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What TV host isn’t secretly loving this drawn-out presidential election?
One year after premiering to daunting expectations, both critically and commercially, Comedy Central gamble Trevor Noah is quietly gaining steam in the run-up to the Nov. 8 vote — or, as his Daily Show is calling it, “Democalypse.” October marked Noah’s most-watched month on record, averaging 1.4 million viewers in live-plus-three-day returns and adding an additional 700,000 viewers per episode with full streams on the network’s multiple platforms.
“It really feels like it started to set in around the conventions,” Comedy Central president Kent Alterman tells The Hollywood Reporter. “We found that he had somehow immersed himself enough in our culture, our culture being the United States, and also had gotten a certain comfort level to really take control of the show.”
In terms of growth, October marked a 16 percent improvement among adults 18-49 and a 22 percent increase among adults 25-34. The show is still a long way off from the days when former host Jon Stewart was obliterating all other late-night shows in the key demo, but Noah is at least pulling Stewart-esque superlatives among young men. In October, The Daily Show was both the highest-rated and most-watched ad-supported late-night talk show among millennial men (both 18-34 and 18-24), the group Comedy Central most aggressively targets.
“The show has gotten younger and more diverse since Trevor started,” adds Alterman, whose non-white share of the adults 18-49 audience has gone up by 5 percent since Stewart. “It’s all about the trajectory. It’s not that we’ve hit some new milestone. It’s that we’re moving in the right direction.”
To further move in that desired direction, Comedy Central will marry two strategies for its election coverage. Noah will air live, as he did during the summer’s conventions, for a full hour and enjoy a simulcast across much of the Viacom suite. The Daily Show will air on Comedy Central, MTV, VH1, Spike, TV Land and MTV 2 starting at 11 p.m. ET this coming Tuesday. (The show has previously only gotten that treatment once, the night Noah first took a seat at the Daily Show desk.)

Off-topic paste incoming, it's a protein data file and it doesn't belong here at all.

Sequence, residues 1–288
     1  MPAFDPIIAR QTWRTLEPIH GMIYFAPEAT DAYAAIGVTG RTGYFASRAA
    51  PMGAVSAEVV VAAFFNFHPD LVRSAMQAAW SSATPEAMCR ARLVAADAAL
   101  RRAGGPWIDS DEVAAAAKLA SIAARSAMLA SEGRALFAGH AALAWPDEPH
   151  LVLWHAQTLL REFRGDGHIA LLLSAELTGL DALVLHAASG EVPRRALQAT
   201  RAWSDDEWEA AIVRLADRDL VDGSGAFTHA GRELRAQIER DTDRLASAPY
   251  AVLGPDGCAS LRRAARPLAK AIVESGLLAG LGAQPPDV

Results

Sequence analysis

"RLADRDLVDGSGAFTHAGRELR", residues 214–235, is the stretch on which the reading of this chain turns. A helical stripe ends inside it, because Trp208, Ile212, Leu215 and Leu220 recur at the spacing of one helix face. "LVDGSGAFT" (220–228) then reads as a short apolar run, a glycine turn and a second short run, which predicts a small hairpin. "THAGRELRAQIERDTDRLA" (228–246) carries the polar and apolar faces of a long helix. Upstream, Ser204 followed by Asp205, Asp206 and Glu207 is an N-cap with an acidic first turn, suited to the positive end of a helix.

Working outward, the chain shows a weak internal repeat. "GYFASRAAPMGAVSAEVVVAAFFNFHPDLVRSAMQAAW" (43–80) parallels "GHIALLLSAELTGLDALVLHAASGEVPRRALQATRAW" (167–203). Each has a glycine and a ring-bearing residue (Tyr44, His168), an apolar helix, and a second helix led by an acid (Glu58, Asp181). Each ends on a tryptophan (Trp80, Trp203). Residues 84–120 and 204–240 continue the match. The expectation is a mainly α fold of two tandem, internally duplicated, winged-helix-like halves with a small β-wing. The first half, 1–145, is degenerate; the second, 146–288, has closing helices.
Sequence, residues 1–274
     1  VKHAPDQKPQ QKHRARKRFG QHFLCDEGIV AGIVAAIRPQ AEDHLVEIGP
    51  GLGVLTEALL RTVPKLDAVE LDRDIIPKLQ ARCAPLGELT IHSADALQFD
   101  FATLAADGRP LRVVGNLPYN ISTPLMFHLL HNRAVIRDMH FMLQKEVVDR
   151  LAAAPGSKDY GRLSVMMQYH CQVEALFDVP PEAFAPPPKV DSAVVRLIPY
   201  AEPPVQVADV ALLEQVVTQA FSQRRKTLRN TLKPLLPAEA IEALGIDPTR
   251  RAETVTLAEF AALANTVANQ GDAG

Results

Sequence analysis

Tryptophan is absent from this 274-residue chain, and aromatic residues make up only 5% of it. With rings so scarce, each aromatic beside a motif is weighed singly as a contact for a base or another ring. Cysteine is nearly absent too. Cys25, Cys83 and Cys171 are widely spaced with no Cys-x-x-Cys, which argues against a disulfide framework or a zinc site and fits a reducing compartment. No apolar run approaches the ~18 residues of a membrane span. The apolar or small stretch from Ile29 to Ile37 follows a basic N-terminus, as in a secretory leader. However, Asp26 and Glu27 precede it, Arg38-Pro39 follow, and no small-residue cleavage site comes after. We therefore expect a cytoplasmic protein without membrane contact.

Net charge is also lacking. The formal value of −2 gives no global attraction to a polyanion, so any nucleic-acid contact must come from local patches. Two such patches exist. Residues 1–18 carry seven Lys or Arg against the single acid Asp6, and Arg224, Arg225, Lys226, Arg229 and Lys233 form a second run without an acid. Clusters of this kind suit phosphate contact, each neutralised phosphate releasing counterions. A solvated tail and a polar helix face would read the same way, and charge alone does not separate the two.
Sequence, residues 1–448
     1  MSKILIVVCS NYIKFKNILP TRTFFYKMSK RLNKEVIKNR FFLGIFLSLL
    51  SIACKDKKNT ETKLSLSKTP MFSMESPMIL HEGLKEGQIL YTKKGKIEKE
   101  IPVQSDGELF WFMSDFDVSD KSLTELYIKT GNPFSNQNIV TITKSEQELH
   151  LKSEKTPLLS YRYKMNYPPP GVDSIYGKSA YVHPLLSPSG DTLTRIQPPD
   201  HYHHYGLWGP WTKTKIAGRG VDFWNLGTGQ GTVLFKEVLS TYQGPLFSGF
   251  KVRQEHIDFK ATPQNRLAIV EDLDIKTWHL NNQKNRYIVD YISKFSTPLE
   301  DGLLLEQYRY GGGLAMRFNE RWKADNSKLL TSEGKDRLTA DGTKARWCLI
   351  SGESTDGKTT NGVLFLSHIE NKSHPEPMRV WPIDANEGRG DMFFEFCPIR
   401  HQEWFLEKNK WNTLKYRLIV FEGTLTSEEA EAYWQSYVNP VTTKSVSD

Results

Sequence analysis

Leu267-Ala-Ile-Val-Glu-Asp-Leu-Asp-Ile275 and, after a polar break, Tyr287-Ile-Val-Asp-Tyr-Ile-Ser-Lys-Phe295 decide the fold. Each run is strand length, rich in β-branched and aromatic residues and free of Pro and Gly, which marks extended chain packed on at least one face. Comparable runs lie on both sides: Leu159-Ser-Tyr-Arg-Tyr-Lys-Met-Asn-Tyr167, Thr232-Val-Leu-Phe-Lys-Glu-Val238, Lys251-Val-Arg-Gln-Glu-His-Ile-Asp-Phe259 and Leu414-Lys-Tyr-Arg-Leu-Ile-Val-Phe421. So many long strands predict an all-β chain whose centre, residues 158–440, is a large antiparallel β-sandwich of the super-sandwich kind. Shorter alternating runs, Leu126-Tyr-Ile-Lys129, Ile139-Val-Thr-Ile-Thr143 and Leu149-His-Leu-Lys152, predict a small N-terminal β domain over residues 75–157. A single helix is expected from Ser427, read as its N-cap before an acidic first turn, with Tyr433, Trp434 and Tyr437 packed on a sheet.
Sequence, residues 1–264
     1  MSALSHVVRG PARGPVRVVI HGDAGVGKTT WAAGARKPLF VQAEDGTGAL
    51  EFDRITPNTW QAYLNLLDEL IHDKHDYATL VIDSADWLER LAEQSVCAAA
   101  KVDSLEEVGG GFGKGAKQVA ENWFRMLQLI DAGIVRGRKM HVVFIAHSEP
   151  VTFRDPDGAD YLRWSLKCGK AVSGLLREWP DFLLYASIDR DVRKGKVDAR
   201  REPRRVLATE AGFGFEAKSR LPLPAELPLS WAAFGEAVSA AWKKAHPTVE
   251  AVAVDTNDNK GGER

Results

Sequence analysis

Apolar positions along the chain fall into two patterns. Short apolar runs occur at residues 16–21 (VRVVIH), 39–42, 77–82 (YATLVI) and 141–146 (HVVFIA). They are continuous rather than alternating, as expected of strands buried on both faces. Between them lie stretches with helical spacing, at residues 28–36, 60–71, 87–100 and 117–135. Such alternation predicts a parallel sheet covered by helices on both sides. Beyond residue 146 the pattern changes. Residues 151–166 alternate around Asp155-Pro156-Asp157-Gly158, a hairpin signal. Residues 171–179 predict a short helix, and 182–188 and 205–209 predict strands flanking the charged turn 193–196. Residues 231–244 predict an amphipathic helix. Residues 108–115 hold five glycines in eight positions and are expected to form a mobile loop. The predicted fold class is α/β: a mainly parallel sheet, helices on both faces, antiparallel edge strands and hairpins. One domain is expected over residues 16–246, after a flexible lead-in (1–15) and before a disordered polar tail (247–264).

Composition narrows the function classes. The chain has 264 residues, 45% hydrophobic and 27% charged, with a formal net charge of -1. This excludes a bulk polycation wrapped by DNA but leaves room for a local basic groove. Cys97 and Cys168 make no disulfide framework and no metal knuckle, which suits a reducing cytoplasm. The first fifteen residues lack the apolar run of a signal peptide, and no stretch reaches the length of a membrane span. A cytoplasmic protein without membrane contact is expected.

Given long-term play to make Noah the face Comedy Central, the way Stewart and Stephen Colbert were before him, the network is looking to parlay recent growth into something more sustained. Alterman is not alone there. Anyone even tangentially covering the election is trying to not fall too hard. For Noah, Alterman says it’s about solidifying the relationship with younger viewers. “Trevor is the only millennial host himself, and he organically is a reflection of so much of that young millennial audience,” he adds. “I think that will carry through after the election.”
Speaking of the future, that also includes the yet-to-be-determined fate of the 11:30 p.m. time slot. It’s been occupied by a shifted @midnight since the end of The Nightly Show With Larry Wilmore — and, per Alterman, that will likely remain status quo for the foreseeable future.
“We’re still in the process of coalescing ideas and people,” says the cable chief. “We’re active, in terms of developing, but we’re not going to put anybody on the air until it’s ready and it’s right. There’s no timetable, and we’re still in the early stage.”